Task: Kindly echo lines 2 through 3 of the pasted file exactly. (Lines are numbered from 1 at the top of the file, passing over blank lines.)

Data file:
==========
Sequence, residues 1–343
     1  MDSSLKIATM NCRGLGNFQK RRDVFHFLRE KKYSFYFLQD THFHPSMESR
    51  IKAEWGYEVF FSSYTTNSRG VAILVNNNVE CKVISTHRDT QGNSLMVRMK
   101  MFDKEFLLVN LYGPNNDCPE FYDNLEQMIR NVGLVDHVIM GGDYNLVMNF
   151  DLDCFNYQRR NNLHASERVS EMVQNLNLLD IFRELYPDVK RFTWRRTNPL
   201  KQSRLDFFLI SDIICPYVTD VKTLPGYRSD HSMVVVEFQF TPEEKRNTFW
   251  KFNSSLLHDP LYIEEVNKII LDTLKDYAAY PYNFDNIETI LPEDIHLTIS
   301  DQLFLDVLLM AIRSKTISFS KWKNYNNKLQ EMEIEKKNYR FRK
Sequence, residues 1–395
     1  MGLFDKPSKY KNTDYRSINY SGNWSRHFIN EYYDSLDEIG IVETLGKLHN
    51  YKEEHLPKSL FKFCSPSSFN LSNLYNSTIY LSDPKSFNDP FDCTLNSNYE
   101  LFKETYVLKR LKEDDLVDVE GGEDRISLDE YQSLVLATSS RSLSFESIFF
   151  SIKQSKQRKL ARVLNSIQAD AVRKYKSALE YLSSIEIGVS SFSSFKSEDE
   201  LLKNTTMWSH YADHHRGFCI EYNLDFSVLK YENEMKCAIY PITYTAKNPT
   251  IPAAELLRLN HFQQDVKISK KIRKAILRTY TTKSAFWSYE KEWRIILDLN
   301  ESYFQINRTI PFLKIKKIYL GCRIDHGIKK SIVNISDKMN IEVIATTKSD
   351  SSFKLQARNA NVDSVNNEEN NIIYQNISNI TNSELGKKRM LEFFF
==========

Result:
     1  MDSSLKIATM NCRGLGNFQK RRDVFHFLRE KKYSFYFLQD THFHPSMESR
    51  IKAEWGYEVF FSSYTTNSRG VAILVNNNVE CKVISTHRDT QGNSLMVRMK